Selected hydrologic data from wells in the east shore area of the Great Salt Lake, Utah, 1985
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Selected hydrologic data from wells in the east shore area of the Great Salt Lake, Utah, 1985

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Published by U.S. Dept. of the Interior, Geological Survey, Books and Open-File Reports Section, distributor] in [Denver, Colo.? .
Written in English

Subjects:

  • Groundwater -- Utah -- Great Salt Lake Region -- Statistics,
  • Water table -- Utah -- Great Salt Lake Region -- Statistics,
  • Water quality -- Utah -- Great Salt Lake Region -- Statistics

Book details:

Edition Notes

StatementG.G. Plantz ... [et al.] ; prepared in cooperation with the Utah Department of Natural Resources, Division of Water Rights
SeriesOpen-file report -- 86-139, U.S. Geological Survey open-file report -- 86-139
ContributionsPlantz, Gerald G, Utah. Division of Water Rights, Geological Survey (U.S.)
The Physical Object
FormatMicroform
Pagination2 microfiches
ID Numbers
Open LibraryOL15419211M

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This report contains hydrologic data collected in the Salt Lake Valley mainly from through The Salt Lake Valley (pI. 1) is bounded by the Wasatch Range on the east, the Oquirrh Mountains on the west, the Traverse Mountains on the south, and the boundary . Great Salt Lake’s closed basin. Along the Wasatch Front and for most of northwestern Utah, a special circumstance exists where the surface runoff and ground-water components of the hydrologic cycle cannot flow to the ocean, but are limited to Great Salt Lake’s closed basin. The Great Salt Lake, a remnant of Lake Bonneville, diminishes and accumulates a vast quantity of salt. Great Salt Lake information: Pleistocene: Glaciers blanket the Uinta Mountains, the Wasatch Range, and mountains of the Colorado Plateau. Lake Bonneville, a large fresh-water lake, covers many northern and western Utah valleys. This report is the last of 19 hydrologic reconnaissances of the basins in western Utah. The purposes of this series of studies are (1) to analyze available hydrologic data and describe the hydrologic system, (2) to evaluate existing and potential water-resources development, and (3) to identify additional studies that might be needed. Part 1 of this report gives an estimate of recharge and.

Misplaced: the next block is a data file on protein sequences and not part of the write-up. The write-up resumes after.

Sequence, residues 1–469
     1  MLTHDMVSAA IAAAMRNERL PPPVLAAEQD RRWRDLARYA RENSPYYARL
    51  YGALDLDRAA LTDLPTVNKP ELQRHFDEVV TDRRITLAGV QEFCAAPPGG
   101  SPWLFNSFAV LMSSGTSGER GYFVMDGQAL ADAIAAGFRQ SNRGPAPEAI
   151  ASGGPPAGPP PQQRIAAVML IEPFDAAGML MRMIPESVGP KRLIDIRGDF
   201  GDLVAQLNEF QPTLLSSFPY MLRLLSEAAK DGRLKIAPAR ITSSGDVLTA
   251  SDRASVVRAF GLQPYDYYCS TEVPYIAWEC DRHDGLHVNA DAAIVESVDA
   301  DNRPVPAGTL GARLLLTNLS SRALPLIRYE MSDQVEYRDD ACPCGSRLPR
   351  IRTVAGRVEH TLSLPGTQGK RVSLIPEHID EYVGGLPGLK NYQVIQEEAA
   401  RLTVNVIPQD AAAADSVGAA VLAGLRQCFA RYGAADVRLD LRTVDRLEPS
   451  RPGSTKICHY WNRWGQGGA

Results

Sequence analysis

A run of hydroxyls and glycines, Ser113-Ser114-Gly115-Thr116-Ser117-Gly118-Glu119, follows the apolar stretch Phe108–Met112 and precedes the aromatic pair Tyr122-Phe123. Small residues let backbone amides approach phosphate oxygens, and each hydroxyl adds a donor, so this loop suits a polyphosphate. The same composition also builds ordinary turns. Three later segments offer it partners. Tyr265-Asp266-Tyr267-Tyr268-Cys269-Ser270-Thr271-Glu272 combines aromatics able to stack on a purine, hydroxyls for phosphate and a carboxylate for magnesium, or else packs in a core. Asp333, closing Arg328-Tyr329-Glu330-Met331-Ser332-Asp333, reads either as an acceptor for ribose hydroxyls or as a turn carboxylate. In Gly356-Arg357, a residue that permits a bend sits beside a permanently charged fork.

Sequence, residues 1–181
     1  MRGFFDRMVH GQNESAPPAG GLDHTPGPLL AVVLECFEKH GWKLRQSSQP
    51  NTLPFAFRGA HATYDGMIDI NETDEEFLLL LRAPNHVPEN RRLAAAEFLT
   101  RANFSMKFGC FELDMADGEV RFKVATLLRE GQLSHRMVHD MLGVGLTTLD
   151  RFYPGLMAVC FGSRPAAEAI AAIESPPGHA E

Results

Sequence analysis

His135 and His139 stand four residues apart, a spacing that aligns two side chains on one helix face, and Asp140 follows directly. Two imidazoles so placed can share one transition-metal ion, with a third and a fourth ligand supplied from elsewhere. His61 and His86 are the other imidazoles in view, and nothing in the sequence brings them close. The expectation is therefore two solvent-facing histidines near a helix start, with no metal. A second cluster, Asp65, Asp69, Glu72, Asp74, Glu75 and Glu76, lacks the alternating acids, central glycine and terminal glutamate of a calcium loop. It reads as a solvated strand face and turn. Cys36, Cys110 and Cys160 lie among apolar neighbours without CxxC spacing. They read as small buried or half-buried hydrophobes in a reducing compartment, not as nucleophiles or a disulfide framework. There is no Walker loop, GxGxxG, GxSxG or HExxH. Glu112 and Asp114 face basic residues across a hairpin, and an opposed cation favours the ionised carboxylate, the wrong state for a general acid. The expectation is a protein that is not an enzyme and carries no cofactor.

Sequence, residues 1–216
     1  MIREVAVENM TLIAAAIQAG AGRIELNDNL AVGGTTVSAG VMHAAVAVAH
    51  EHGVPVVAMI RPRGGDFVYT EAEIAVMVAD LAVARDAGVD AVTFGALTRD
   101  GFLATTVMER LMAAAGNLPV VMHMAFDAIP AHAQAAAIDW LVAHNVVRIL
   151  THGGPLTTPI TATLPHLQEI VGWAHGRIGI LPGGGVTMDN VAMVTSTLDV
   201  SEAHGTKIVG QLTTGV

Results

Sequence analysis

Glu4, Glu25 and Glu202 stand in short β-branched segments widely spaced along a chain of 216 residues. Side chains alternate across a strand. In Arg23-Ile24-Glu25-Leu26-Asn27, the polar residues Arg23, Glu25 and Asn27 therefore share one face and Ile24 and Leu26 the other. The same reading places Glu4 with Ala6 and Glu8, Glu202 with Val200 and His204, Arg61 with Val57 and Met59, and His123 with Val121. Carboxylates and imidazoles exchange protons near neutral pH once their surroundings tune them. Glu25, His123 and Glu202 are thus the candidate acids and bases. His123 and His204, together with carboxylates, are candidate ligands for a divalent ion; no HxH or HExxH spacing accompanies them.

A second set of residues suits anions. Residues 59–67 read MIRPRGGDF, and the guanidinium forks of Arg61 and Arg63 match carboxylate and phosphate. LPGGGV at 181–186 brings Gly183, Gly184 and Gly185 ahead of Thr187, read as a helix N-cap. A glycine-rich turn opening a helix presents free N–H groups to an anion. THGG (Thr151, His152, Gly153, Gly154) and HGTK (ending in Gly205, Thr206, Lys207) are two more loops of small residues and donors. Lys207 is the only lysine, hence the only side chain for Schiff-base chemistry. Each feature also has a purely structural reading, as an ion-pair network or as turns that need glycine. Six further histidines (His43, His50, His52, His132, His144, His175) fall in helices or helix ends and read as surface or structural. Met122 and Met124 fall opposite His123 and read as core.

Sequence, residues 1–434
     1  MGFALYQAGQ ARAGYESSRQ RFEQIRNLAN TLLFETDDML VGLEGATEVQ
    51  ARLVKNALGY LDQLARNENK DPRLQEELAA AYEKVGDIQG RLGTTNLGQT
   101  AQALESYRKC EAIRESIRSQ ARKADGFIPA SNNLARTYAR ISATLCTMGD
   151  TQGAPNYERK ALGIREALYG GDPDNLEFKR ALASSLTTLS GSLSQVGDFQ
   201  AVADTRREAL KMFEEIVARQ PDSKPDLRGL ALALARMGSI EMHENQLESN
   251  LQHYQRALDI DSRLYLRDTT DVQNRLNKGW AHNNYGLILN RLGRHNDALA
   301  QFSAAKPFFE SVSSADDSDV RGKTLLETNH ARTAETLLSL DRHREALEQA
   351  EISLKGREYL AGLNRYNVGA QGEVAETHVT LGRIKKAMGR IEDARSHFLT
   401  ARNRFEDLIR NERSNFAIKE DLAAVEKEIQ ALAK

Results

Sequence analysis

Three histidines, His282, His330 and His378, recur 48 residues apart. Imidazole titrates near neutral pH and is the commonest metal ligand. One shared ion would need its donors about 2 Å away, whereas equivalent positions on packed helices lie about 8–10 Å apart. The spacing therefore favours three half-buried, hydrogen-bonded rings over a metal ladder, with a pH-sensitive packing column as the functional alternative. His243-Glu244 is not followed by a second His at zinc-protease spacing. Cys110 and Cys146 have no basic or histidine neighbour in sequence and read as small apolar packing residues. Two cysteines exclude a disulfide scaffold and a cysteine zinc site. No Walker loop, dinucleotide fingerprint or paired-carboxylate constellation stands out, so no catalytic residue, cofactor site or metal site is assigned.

Figure 4. Photographs of cores of basin-fill deposits from two monitoring wells in Salt Lake Valley, Utah.. 9 Figure 5. Map showing distribution of hydraulic-conductivity and transmissivity values determined from slug tests done at selected monitoring wells in Salt Lake Valley, Utah .. 14 Figure by: 4. Department of the Interior GEOLOGICAL SURVEY SELECTED GROUND-WATER DATA, BONNEVILLE SALT FLATS AND PILOT VALLEY, WESTERN UTAH By Gregory C. Lines UTAH BASIC-DATA RELEASE NO. 30 Prepared in cooperation with the U.S. Bureau of . Conclusions. Areas in the greatest danger for flooding are portions of Layton, Utah and Centerville, Utah, as well as the Salt Lake City International Airport. The increase in development within the year flood line indicates that should another major flood event happen, damages would be higher than in The goal of “No Net Loss” of wetlands has not been met within the Great Salt. Metals enter Little Cottonwood Creek in Salt Lake County, Utah, in drainage water that discharges from inactive mines in the watershed (fig. 1). As part of a study to evaluate the effects of this mine drainage on water quality, a sodium chloride tracer was injected into Little Cottonwood Creek during September , The purpose of the injection was to quantify stream discharge; to.

Great Salt Lake Wetland Inventory Narrative Report During the summer of , the Utah Department of Natural Resources (DNR), Corps of Engineers (CE), and Fish and Wildlife Service (FWS) entered into an agreement to produce wetland maps for 26 , quadrangles encompassing the eastern shore of . Last map update: 05/08/ at am MDT 05/08/ at UTC What is UTC time? Map Help. Disclaimer. Notice - The USGS Water Resources Mission Area's priority is to maintain the safety and well-being of our communities, including providing critical situational awareness in times of flooding in all 50 U.S. states and additional territories. Our hydrologic monitoring stations continue to send data in near real-time to NWISWeb, and we are continuing critical water monitoring activities to. The Salt Lake City South ' quadrangle is near the center of Salt Lake Valley and only late Quaternary (late Pleistocene and Holocene) surficial deposits are exposed in the quadrangle. These deposits are mostly alluvial stream deposits related to the Jordan River and its tributaries, alluvial-fan deposits related to filling of Salt Lake.